02Sep
2016

by Modeloe

Eliminate Distractions With Time Blocking

September 2, 2016
The demands on our time are greater now than ever. Likewise, never before in history have we faced so many possible distractions. If you jump every time your phone rings, a new email arrives or you iPhone buzzes, you’ll never get back on track with your goal. When you create an implementation intention, you’re not only giving your rational mind specific instructions about what to do. You’re also making time in your schedule to actually do it. But you have to take it a step further. You have to set aside a specific block of time when your attention is dedicated 100% to working on your goal. Time blocking works best if you set a definite start and end time when you have no other meetings or commitments. Lock your door, turn off your phone and make yourself unavailable for any other tasks. If the Internet is too tempting, download what you need ahead of time, and turn off your Internet connection during your time block.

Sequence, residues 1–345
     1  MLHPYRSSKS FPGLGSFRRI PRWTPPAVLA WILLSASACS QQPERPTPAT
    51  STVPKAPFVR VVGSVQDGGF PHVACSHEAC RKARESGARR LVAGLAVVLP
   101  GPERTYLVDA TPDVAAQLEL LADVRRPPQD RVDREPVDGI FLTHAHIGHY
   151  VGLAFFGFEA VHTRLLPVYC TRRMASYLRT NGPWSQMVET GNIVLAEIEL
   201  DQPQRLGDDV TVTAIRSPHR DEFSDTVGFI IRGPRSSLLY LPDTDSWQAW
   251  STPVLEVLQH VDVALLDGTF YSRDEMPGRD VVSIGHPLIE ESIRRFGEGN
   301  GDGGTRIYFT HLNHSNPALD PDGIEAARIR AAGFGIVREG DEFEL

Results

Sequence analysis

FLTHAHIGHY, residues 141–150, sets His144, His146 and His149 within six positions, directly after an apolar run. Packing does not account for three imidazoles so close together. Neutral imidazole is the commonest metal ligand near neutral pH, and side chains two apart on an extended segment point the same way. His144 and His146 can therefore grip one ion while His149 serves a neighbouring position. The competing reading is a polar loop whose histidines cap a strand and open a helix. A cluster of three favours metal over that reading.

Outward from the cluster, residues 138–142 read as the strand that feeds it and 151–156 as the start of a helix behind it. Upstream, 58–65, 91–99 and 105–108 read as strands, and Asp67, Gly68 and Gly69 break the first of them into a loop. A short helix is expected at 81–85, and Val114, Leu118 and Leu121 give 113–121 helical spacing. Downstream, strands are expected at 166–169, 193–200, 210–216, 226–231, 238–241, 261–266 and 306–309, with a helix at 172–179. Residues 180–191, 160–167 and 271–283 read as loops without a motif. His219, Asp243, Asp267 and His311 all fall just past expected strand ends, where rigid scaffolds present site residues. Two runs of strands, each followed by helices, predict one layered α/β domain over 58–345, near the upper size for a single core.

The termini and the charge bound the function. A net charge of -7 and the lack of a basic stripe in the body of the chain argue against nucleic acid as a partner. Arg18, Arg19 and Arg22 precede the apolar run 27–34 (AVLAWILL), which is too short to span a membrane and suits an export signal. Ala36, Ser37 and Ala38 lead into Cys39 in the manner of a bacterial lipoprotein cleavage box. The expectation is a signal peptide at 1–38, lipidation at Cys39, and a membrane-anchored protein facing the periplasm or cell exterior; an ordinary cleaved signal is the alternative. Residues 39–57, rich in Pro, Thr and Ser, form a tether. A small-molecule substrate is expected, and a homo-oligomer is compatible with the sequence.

02Sep
2016

by Modeloe

Use Implementation Intentions

September 2, 2016
Part of the reason people never get back on-track with their goals is explained by how their goal is set (i.e., is it specific enough?). Another part of the problem, however, is there’s no clear plan for acting on the goal. An implementation intention is a mini action plan that’s been scientifically proven to help you follow through on your goals. In one study, for example, women who wrote down an implementation intention specifying when and where they would conduct a breast self-examination did so 100% of the time. On the other hand, women who failed to create such a plan did so only 53% of the time. An implementation intention takes the form of an if-then statement – if situation X arises, I will perform behavior Y. So, following my example from above, you might write down you implementation intention as follows: “If it’s 7:00am on Monday, Wednesday or Friday, I will go to the gym, and walk on the treadmill for 30 minutes.” Again, the key here is to be very specific.

02Sep
2016

by Modeloe

Just Get Started

September 2, 2016